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Artificial Intelligence (AI) is beginning to have a prominent effect on our work lives. By simulating intelligent behaviour, AI doesn’t only make our lives easier but also has the potential for minimising unconscious workplace bias. The concept of a diverse workplace gained the spotlight in the 1960s. However, the trend is now moving from diversity to inclusion.

Ginni Rometty, the CEO and Chairman at BIM describes this phenomena as, “Today when I think about diversity, I actually think about the word ‘inclusion.’ And I think this is a time of great inclusion. It’s not men, it’s not women alone. Whether it’s geographic, it’s approach, it’s your style, it’s your way of learning, the way you want to contribute, it’s your age – it is really broad.”

Using AI to mitigate bias

While we are susceptible to having biased opinions which in turn inhibit diversity and inclusion, AI isn’t limited by bias. If deployed correctly AI can support HR managers in two key areas. First, it can help ensure all candidates have equal access to opportunities. Second, it can aid hiring managers in making well-informed and fair decisions.

Equal access to opportunities

By ensuring equal access to job opportunities hiring managers can make their positions available to a larger number of candidates rather than limiting their accessible talent pool. AI can aid HR by helping make job descriptions encouraging and by improving the awareness of job seekers regarding open positions.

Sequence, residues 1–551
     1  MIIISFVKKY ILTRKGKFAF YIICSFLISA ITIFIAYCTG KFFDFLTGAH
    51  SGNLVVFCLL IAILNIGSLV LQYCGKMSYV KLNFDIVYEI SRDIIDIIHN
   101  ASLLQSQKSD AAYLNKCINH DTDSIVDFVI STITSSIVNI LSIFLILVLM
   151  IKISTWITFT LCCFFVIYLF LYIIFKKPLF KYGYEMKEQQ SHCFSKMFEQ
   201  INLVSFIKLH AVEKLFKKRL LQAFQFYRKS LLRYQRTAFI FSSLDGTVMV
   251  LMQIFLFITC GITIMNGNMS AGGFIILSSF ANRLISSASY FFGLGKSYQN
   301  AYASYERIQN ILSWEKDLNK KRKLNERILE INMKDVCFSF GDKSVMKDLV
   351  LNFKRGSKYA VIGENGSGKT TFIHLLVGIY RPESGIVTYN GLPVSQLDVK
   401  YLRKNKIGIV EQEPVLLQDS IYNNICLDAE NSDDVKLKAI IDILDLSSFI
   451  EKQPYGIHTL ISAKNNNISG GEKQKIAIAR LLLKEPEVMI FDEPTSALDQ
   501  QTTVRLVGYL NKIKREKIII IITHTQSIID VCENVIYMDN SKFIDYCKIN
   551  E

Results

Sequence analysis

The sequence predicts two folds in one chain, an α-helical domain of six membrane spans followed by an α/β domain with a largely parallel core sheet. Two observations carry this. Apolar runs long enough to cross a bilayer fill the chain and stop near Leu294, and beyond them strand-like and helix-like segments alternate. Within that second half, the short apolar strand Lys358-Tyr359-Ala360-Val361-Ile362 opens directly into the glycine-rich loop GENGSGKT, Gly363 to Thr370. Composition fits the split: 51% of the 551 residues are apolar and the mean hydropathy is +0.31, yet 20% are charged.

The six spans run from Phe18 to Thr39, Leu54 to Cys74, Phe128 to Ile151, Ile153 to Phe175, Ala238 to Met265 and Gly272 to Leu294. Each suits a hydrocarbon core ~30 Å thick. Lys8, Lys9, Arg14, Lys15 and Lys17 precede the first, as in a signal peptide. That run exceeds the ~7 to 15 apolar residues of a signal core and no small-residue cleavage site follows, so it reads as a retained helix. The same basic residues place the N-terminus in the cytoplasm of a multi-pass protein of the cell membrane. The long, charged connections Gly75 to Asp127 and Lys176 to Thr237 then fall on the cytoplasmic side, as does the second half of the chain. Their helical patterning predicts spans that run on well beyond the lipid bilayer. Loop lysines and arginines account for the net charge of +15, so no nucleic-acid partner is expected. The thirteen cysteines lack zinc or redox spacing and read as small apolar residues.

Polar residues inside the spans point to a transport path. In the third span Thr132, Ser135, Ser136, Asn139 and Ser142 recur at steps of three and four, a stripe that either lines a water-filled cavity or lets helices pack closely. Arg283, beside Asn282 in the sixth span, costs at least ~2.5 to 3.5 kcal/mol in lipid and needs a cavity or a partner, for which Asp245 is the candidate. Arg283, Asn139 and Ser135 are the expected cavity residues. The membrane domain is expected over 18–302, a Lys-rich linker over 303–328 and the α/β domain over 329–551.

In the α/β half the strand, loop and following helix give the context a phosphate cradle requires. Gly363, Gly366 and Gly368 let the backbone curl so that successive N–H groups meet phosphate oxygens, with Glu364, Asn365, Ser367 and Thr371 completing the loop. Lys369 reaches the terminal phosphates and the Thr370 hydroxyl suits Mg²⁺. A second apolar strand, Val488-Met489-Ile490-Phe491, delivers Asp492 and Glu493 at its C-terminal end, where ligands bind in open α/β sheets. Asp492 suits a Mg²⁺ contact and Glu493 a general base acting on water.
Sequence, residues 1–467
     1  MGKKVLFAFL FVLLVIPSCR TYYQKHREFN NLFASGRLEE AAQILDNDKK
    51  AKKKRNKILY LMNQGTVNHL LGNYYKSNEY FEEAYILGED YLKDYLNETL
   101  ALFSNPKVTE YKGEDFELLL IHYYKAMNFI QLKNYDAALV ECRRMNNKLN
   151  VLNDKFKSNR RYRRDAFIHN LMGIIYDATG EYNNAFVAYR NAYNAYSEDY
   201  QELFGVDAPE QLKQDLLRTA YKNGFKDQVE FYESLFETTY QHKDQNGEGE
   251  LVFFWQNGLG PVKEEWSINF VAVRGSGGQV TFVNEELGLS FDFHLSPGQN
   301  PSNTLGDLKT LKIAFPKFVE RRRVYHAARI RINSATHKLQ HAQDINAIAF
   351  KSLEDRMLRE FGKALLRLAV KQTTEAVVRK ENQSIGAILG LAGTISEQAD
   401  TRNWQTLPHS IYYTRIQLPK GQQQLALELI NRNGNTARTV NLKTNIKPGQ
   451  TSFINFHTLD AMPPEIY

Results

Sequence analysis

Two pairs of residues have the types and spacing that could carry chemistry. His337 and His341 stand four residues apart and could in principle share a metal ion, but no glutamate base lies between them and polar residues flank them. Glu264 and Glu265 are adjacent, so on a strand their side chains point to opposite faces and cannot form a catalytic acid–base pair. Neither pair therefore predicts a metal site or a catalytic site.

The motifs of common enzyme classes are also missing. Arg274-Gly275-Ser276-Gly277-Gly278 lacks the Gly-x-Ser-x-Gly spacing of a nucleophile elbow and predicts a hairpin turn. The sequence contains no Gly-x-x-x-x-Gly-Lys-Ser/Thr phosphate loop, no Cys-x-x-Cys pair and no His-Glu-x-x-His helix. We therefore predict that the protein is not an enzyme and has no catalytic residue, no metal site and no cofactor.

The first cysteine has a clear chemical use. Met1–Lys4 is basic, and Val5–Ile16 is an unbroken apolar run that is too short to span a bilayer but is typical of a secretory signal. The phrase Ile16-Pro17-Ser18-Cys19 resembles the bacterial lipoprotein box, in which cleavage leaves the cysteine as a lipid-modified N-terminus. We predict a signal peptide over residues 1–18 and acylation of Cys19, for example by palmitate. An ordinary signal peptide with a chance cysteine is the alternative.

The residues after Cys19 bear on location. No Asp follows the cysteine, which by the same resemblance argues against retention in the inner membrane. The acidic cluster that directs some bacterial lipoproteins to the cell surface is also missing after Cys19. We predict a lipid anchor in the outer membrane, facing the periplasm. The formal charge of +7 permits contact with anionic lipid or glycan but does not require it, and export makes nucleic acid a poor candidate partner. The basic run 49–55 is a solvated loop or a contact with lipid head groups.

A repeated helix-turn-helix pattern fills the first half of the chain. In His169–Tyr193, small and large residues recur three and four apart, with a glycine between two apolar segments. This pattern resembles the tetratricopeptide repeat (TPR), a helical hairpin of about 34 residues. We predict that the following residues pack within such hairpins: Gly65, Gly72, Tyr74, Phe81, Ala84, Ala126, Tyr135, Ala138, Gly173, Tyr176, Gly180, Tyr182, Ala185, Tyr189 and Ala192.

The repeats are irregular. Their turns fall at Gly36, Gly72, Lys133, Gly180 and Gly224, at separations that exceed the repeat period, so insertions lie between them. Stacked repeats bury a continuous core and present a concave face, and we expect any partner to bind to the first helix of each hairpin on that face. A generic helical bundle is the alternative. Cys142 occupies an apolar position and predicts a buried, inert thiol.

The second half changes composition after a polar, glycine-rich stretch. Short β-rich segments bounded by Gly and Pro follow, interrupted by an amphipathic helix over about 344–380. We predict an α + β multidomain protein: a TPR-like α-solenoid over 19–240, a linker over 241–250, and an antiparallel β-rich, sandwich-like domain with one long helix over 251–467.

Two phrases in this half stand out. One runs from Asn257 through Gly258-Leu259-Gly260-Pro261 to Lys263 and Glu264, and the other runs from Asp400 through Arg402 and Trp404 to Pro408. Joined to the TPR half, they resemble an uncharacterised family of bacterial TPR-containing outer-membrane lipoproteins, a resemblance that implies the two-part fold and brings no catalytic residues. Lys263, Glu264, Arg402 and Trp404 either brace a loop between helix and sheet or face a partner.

Improving job opportunity awareness

The theory of information asymmetry suggests that there is an information gap between potential employers and job seekers in the labour market. AI technology, especially interactive chatbots, can be adapted to remove this information asymmetry.

Rather than relying on keyword research tools with the use of interactive technology, AI can better understand the candidate’s interests and skills and match them with opportunities tailored to their profiles. In this way AI can help organisations build diversity before they even begin to interact with candidates personally.

Making job descriptions Inclusive

A job description is where interested candidates will learn most about your company, and first impressions do last. Admittedly, preparing the perfect job posting can be challenging, especially one that attracts diverse talent and gives an accurate description of the role and the company.

Here’s where AI plays a pivotal role. Effective algorithms can be deployed that review job postings and filter them for any discriminatory elements, suggest changes, and help managers reach out to a diverse audience.

Fair decision-making

As a manager, removing bias to attract diverse talent is just the beginning. Companies make decisions throughout employment life-cycles that might have potential long-term effects on the livelihood and wellbeing of their employees. They need to think bigger and ensure that those decisions are made fairly.

Identifying and reducing bias across the employment lifecycle

The only things hiring managers know about applicants are through the cues on their CVs or cover letters. Oftentimes personal attributes like age or ethnicity might trigger unconscious biases which leads to impaired decision making. For example, hiring managers might underestimate the potential of their female applicants in authoritative and managerial roles.